A surprising outcome of being an author was my entrée into the world of local access television. I produce and host a show called “The Writer’s Dream”. I interview authors. The two questions that evoke some of the most intriguing answers are these. “Authors take a journey when they write a book. What is unique about your journey?” The second question is, “Bottom line, what do you want out of this writer’s journey?”

It got me thinking about my own journey, and this year I published “Making a Mystery with Annie Tillery”. The new book takes my first Annie Tillery Mystery, “The Madonna Ghost”, and fleshes out the story behind the story, the why, when, where, how and who of that story. It encourages the reader to try the writing process with lots of tips.

The authors I interview on “The Writers Dream” provided questions about plot, character and setting. In discussing those questions, I learned more about my writing than I would have imagined.

Here are the questions, and what I learned.

  • Where do you get your ideas from? This is a hard question. The unsatisfactory answer was, “They just come.” This is a very important question, so I changed the focus of the question to, “What inspired your story?” I focused on my teaching forensic science. Inspiration comes from forensic topics (that CSI stuff) that most fascinated me. Next, a specific setting captures me. And then, some historical incident that sets a plot in motion in my story-teller’s brain.  The inspiration for “The Madonna Ghost” was a wall-sized photograph in the Fire Island lighthouse of the rescue of passengers from a large ship run aground in a storm on Fire Island.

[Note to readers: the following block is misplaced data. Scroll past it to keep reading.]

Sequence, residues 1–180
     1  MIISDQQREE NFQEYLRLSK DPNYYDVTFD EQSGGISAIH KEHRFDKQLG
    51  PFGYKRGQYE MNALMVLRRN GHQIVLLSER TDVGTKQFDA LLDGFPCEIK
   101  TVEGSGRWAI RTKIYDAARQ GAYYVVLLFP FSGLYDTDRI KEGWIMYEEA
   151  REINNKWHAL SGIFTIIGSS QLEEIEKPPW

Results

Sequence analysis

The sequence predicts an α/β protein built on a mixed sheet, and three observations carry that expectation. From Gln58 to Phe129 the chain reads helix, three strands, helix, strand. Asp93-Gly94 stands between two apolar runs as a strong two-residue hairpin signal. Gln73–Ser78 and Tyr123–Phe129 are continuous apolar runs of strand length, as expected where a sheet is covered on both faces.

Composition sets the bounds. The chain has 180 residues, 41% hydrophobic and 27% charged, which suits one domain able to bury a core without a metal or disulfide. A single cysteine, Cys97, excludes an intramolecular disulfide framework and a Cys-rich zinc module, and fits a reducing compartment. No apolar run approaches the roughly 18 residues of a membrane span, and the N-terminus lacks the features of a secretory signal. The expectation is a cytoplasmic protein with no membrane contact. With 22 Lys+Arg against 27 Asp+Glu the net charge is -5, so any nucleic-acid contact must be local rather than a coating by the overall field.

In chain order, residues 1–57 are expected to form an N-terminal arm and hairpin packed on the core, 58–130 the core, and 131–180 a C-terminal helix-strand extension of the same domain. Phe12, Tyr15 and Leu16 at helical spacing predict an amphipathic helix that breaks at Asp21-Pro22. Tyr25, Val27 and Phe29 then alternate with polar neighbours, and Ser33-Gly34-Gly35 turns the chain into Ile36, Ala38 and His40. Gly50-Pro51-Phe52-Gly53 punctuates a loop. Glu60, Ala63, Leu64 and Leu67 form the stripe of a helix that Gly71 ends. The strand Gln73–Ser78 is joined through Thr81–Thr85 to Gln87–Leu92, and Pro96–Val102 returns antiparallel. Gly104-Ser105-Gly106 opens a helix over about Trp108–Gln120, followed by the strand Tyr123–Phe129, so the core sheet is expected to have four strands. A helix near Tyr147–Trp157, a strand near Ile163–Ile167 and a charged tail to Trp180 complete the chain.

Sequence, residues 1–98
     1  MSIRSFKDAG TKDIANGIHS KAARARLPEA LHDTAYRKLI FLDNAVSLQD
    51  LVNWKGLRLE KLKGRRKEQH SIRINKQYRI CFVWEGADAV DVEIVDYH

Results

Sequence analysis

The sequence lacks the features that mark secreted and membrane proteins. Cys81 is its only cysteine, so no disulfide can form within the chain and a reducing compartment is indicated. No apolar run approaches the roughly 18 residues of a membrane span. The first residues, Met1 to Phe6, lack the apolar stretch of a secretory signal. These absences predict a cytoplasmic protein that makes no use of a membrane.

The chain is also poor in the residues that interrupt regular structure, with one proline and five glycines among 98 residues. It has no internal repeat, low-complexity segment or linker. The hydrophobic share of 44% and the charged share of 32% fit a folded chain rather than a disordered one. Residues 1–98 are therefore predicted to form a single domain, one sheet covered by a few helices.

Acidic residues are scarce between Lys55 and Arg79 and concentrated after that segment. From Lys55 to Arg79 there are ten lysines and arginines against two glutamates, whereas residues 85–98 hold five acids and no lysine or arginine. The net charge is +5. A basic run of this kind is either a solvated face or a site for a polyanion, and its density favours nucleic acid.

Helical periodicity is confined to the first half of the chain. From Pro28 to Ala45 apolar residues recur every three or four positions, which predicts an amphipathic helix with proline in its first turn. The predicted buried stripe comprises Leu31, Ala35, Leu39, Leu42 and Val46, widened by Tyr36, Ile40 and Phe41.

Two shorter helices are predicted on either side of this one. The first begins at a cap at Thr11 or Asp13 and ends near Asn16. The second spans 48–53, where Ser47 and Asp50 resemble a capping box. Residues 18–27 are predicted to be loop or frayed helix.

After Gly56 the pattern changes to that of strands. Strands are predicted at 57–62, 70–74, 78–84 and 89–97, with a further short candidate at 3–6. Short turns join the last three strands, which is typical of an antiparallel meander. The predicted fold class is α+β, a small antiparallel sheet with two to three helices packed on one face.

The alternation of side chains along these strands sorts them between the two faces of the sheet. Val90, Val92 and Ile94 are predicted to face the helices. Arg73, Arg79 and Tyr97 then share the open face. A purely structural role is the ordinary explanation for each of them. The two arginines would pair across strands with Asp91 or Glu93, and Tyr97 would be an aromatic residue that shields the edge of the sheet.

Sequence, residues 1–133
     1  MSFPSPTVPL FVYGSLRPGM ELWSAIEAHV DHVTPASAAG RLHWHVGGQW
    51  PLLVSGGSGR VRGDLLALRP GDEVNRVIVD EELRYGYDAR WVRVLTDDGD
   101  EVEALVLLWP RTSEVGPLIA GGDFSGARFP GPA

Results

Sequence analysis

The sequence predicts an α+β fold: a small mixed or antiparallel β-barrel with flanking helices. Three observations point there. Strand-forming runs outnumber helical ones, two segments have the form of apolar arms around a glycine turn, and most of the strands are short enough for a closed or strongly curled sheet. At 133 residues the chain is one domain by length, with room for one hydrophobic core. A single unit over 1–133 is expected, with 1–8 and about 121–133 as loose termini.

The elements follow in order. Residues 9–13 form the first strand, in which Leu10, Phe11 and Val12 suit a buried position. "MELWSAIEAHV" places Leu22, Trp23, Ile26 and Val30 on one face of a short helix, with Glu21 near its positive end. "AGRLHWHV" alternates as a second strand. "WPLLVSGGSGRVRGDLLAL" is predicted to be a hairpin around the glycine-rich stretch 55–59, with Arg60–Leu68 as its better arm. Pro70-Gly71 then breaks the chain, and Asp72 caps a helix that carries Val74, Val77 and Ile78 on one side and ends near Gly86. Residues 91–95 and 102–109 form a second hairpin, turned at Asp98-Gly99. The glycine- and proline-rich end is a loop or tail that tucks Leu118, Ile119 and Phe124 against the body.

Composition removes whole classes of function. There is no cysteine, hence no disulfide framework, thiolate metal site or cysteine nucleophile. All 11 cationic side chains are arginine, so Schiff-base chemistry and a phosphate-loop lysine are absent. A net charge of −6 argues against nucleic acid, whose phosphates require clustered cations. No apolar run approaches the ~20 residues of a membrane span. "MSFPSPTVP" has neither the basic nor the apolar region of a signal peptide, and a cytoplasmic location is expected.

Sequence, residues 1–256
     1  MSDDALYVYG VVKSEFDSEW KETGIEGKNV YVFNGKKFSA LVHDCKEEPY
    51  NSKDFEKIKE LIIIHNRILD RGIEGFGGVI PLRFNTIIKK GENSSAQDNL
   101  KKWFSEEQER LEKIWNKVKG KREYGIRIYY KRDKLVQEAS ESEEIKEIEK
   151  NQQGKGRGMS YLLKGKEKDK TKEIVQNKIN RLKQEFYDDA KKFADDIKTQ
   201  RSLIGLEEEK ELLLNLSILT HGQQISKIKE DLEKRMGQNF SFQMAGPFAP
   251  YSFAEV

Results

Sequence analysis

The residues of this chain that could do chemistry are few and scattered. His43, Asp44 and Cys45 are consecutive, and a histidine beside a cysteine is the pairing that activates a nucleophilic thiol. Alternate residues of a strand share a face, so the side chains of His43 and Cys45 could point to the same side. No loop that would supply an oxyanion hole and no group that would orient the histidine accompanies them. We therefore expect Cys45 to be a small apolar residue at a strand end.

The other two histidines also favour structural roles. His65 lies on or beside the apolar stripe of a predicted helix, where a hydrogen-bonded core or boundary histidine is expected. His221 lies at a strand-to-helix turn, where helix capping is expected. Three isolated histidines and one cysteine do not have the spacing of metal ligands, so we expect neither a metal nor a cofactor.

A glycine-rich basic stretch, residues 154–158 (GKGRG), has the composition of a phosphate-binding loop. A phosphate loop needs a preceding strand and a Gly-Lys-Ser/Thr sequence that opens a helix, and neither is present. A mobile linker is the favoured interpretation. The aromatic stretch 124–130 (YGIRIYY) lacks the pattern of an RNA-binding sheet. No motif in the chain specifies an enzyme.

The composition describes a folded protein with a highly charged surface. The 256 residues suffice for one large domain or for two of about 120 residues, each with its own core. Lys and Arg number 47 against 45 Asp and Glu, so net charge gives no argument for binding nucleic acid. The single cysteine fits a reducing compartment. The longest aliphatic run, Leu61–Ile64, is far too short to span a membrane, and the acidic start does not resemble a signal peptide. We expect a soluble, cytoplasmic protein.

Following the inspiration came the research into ship wrecks off Long Island. That research created the character of the ghost, a grieving mother who survived the ship wreck but lost her child.

The next part of the idea was how to weave a mystery and a crime around the ghost. Again, Fire Island history came to my rescue; smuggling, a vulnerable sea coast, and proximity to New York City.

Sorry, you’ll have to read the book to find out more.

  • Are your characters based on real people? Of course, they are! We are surrounded by people who exhibit lots of characteristics to choose from, to either copy in their entirety, or to mix and match into new people. More of a challenge for me was that I needed to make my main character, Annie Tillery, lovable, a young woman you would cheer for, whom you could envision as your friend. I knew from my own voracious reading that a character you can love or relate to can make your book a success. The next challenge was to create the “perfect boyfriend”. I noticed that many of my female students made poor choices for their boyfriends. Tyler Egan was my attempt at a much better alternative. Here is an example of the relationship between Ty and Annie.